The first was Zinacantan, surrounded by hills. In the picture, almost no structure you see is a house. Nearly all of them are green houses, where flowers are grown for export. Ever wonder where American florists get all those beautiful flowers, particularly when it’s winter? From places like this in Latin America. The business and residential areas of Zinacantan are just around the hill to the right. The people of the city wear traditional clothing, men and women both wearing colorful garments with flower designs, reflecting the income of the town.

The second town we stopped in is Chamula, where the locals enforce their wildly perverted version of Christianity/Catholicism. The town has special autonomous status, and federal authorities are not allowed in the city. The main road skirts the edge of the town, and as we met the crossroad leading directly into Chamula, men in sheep hair panchos stopped the traffic, lowering their rope to allow passage only after cars pay them. I really wanted to photograph these guys and the scene, but Elver and Darinel warned me not to. So after paying, we turned right toward the town center. In most ways it looked like any other market area, full of crafts and the traditional garments of this particular town. But everyone in this town adheres to the local religion, a mix of Catholicism, old Mayan traditions, and their own innovations. If someone in town converts to another religion (even Roman Catholicism), they are kicked out of town and their families are punished – I’m not sure how severely. Witch doctor stuff is involved in their religious practices, with lots of smoke, pine boughs, candles, and rhythmic incantations set to the rhythmic shaking of gourd rattles. The latter takes place in the formerly Catholic cathedral in the center of town, and of course I wanted as much as possible in photo and video form – but again, Elver commanded me not to take pics or video. Elver says that if they catch you doing photography inside the cathedral, they are perfecty willing and legally free to take you out and burn you alive . . . or worse. I’ll let you catch his explanation of the “worse” in the video if you’re interested. He says they have done this. Well, I was skeptical . . . and figured I’m pretty stealthy, particularly with the very small and inconspicuous video camera I have (GoPro). So in the middle of a crowd inside the cathedral, I got it out of my pants pocket, turned it on, and held it in hand with my arm simply hanging down as normal. If you know the GoPro, you know the user interface isn’t the most user-friendly – and it turns out the setting was for camera instead of video. But I did get one shot; unfortunately, there’s a man blocking the best part of the view. Afterward, Darinel confirmed that he too believes the Chamulas carry out summary executions as described by Elver. And getting back to civilized society, others confirmed all of this as well. Still, a page on Wikipedia makes no mention of executions.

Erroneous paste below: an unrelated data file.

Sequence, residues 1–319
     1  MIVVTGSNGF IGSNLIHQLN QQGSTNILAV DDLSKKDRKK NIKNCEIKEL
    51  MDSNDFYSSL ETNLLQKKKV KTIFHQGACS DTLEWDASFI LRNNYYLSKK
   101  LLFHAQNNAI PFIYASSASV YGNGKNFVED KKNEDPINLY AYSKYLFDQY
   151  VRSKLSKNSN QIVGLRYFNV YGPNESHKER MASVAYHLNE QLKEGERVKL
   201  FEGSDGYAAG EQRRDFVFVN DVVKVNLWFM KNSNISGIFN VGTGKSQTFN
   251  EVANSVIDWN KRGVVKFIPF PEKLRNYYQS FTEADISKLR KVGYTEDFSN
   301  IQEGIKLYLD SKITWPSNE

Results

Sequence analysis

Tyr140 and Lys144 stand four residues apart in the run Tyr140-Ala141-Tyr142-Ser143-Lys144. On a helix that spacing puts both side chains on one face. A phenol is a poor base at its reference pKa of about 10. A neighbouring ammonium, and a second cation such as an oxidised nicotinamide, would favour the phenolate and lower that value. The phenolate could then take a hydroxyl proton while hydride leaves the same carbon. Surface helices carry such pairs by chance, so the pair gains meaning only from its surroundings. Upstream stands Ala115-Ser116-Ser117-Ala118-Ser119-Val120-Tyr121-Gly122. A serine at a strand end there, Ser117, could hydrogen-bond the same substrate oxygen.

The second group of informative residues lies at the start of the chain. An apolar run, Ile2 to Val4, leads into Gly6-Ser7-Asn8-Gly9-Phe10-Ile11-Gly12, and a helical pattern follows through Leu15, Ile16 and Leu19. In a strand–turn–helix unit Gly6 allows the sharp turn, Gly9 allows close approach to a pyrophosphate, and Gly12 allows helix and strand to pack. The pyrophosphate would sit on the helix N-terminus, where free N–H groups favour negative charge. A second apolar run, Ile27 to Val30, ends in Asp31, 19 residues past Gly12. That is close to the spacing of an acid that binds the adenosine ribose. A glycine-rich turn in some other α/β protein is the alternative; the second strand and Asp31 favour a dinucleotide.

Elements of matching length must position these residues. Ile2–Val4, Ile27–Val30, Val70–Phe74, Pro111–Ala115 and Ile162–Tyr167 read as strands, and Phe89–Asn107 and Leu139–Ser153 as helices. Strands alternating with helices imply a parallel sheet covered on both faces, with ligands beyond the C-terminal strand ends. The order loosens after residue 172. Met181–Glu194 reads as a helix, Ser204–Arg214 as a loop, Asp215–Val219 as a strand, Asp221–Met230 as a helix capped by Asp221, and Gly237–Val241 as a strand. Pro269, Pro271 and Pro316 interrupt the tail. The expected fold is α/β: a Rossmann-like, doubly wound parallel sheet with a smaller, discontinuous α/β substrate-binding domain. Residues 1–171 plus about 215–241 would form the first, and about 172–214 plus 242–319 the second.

(Darinel: one of my favorite people here)

We finally arrived in Larrainzar. The primary language there is not Spanish, but Tzotzil, the language of the indigenous people there. Although many of them know Spanish as a second language, it was thought that some might be present who did not, in which case I would speak in English, Elver would translate into Spanish for the visting Spanish speakers, and then another person would translate into Tzotzil for the locals. After lunch, we had a little time before the assembly, and someone started singing a Spanish song, inquiring if I knew it